Author Archives: Andy Merrifield

About Andy Merrifield

Writer, Urbanist, Marxist, Educator

September 11

Today, September 11, is a terrible date in New York’s collective memory, a day of mass death and destruction surpassed only by the coronavirus. But September 11 is also awful for New York in another sense: seven years back, the city’s … Continue reading

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Easy on Main

Earlier this week I was fortunate enough to participate in a Zoom book launch of Mindy Thompson Fullilove’s latest creative endeavor, Main Street. I plead guilty to a certain partisan partiality here, because I wrote its foreword. A hundred-plus kindred … Continue reading

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ANDRÉ GREGORY — Living With His Art

Review Essay of André Gregory, This Is Not My Memoir (Farrar, Straus and Giroux, November, 2020) “Ah yes. My impulsiveness had its consequences, my dear Mr. Brack” —Ibsen, Hedda Gabler Theater director André Gregory has had an eye gouged out in … Continue reading

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Surrealist Encounters—When We Could Still Have Them

In June 1933, launching the first issue of the Surrealist magazine, Minotaure, [1] poets André Breton and Paul Éluard conducted a survey that posed two questions to its readers: “What do you consider the most important encounter of your life? … Continue reading

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Over the Rainbow — Pynchon and the Pandemic

“Toto, I have the feeling we’re not in Kansas any more…” — Dorothy, arriving in Oz Maybe it was all those rainbows in lockdown that got me thinking about Gravity’s Rainbow, Thomas Pynchon’s masterpiece from 1973. His rainbow had been there … Continue reading

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Remembering Spalding Gray

Spalding Gray, who died in 2004, would have been 79 on June 5, 2020. Here is my personal remembrance of a sadly missed storyteller and artist. I was so excited waiting in line to enter. I was there early, eager … Continue reading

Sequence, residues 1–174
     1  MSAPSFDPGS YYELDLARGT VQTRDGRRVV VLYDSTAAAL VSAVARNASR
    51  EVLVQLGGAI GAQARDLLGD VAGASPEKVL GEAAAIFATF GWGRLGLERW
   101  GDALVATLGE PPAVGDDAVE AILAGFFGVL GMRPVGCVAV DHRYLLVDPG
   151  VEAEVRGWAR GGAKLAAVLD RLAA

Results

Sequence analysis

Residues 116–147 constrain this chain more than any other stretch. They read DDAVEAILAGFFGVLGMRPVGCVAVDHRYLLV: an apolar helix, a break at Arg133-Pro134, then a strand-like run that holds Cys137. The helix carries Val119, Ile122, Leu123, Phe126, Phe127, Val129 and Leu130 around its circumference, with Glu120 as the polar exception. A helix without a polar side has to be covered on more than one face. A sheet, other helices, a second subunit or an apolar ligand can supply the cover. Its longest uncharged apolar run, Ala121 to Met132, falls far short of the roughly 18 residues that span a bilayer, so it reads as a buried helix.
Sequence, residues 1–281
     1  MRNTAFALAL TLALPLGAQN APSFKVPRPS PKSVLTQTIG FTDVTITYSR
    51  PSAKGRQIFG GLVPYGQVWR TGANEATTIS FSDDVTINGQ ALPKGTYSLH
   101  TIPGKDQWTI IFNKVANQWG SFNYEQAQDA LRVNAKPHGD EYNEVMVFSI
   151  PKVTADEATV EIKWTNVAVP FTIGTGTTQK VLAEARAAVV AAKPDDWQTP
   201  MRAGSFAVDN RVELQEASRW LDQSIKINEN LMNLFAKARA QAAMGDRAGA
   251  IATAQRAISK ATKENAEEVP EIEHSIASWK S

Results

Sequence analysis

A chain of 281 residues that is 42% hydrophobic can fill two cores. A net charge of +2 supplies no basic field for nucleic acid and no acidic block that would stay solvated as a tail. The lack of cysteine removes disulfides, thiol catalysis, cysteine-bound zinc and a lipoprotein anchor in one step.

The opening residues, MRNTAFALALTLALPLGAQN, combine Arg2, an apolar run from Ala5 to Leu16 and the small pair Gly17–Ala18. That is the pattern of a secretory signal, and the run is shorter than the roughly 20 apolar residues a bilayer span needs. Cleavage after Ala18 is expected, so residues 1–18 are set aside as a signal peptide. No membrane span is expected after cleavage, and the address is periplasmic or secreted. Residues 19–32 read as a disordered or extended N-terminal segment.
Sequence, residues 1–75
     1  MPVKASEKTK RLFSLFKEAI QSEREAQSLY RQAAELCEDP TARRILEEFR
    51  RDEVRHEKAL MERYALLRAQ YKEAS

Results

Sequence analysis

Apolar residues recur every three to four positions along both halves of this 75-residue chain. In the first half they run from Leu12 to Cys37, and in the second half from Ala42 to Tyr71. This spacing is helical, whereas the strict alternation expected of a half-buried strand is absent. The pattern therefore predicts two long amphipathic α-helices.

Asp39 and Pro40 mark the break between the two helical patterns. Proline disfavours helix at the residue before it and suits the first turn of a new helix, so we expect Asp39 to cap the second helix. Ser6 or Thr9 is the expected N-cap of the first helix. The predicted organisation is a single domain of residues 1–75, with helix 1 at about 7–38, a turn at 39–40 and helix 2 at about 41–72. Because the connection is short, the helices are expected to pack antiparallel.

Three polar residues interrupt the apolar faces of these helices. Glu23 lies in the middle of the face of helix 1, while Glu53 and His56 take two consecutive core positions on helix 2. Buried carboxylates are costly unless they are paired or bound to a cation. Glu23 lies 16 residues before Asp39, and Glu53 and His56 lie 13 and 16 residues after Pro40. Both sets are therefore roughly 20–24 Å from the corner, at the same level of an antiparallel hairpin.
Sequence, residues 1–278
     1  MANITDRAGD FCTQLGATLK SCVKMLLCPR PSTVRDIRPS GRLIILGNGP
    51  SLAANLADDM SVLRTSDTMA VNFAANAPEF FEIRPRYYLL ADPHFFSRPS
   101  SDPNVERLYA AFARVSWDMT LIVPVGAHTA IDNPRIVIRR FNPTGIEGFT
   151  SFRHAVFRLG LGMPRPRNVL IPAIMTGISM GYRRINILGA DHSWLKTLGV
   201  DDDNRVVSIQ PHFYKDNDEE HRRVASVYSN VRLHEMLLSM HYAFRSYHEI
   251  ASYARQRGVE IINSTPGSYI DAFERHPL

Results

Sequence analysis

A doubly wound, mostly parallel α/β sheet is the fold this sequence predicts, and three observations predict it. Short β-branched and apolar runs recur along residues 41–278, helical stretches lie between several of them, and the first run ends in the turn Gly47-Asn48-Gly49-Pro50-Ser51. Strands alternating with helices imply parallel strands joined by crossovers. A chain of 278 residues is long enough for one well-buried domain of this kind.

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BEAT CITY 4 — Emancipation of the Shufflers Passing By

“If you ride around on the subway with Jack,” Kerouac’s friend “Davey” Amram remembered, “or just go out on the street, he would talk to everybody, be natural and real with anybody.” “We used to walk around New York’s streets … Continue reading

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BEAT CITY 3 — Goofing at the Table

My favourite Beat diner image is an inspiring black & white shot, taken in a long lost Lower East Side diner. In the photo, we can see Kerouac (left, front on) sat at a booth with poet friends Allen Ginsberg … Continue reading

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BEAT CITY 2 — On the Road and On the Sidewalk

THAT ARTISTIC ROMANTICISM I spoke about last time evoked the thrill and possibility of urban life. Inscribed in the art, in the activity of that age, in its human poetry, was something about the city itself; how the creative energies … Continue reading

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BEAT CITY 1 — Burning Like Roman Candles

One of the many amazing things about the Beat generation is just how photogenic its protagonists were. They liked taking pictures of themselves, and celebrated photographers of their age, such as Robert Frank, did too. Magnum photographer Burt Glinn also … Continue reading

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